Too many emerging market investors are relying on ‘simple and unscientific’ PE metrics to value developing stocks when the sector is much more nuanced, Citywire AAA-rated Geoffrey Wong has said.
Wong, who co-runs the $1.3 billion UBS Global Emerging Markets Opportunity fund, said that many investors had fallen into a trap by using price-to-earnings as a sole gauge of a company’s worth.
‘There are many managers who identify as value simply because they buy low PE stocks but that is not a differentiator between a science and what used to work. It used to be simple that you would buy a low PE stock and wait for it to rise but it is no longer that easy.
‘We have had different types of stock come to the fore, so how would you judge an EM tech stock on a valuation basis, for example? If you look at the network effects of certain companies, they have got excellent growth at high multiples from the outset, so someone identifying as value is basically missing a big chunk of useful companies.’
Wong said PE analysis is essentially a ‘short cut’ which overlooks key fundamental work to accurately measure a firm’s growth potential. ‘It can create a blind spot for some investors, as they instantly overlook new things because they are using old shortcuts.’
Transition made possible
The Singapore-based fund manager said EMs as a whole are in the foothills of a strong recovery after a five-to-seven year period of underperformance. This saw Wong and his team transition the giant fund to capture opportunities away from defensive stocks, which are viewed as expensive.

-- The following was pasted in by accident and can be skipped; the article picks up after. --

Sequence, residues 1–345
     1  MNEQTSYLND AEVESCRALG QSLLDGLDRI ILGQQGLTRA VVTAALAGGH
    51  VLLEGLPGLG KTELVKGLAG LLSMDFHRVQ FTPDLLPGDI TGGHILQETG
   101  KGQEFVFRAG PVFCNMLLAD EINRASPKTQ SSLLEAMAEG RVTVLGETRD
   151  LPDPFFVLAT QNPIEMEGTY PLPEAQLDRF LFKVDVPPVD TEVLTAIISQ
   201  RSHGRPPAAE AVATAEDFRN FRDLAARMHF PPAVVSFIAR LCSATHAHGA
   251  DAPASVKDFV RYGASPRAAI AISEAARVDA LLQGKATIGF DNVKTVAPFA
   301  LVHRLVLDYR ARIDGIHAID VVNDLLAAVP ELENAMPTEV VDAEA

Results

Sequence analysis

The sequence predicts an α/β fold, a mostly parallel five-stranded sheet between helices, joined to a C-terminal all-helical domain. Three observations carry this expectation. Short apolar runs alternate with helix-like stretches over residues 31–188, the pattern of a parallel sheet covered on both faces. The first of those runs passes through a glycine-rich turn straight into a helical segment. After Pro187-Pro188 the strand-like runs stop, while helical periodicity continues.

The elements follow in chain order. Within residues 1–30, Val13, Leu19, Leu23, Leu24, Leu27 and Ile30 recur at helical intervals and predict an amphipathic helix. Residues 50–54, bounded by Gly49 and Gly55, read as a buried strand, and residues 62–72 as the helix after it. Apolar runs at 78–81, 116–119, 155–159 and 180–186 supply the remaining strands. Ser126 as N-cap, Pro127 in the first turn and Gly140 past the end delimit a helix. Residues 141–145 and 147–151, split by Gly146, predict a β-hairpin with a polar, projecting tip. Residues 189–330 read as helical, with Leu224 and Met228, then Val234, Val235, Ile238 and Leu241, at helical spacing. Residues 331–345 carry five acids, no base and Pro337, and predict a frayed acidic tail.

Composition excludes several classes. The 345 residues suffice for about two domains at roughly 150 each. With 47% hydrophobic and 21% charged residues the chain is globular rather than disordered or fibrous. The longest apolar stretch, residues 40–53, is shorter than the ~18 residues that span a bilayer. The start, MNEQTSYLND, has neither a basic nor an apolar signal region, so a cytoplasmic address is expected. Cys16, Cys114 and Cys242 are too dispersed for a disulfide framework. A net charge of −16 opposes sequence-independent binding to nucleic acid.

‘We starting turning the portfolio in 2015 and added some iron ore and steel companies. We went underweight defensives and sold down our healthcare and telecoms exposure, while adding to areas such as consumer cyclicals and IT, where we are now overweight.
‘We are just at the early stage of the cycle and that is why we want to be in cyclical areas because we are conscious we are in a recovery stage. Companies are still expensive in defensive areas, so we can also look at cyclical sub-sectors, such as autos and retailers, as well as consumer stocks and ecommerce for growth.’
Financial services currently account for 30% of exposure, while consumer discretionary stocks make up 15.2% of investment at present. This is while the largest single investment is a 7.15% allocation to Korean electronics giant Samsung.
The UBS Global Emerging Markets Opportunity fund returned 24.6% in US dollar terms over the three years to the end of July 2017. This compares to an 8.5% rise by the MSCI EM (Emerging Markets) TR USD over the same time frame.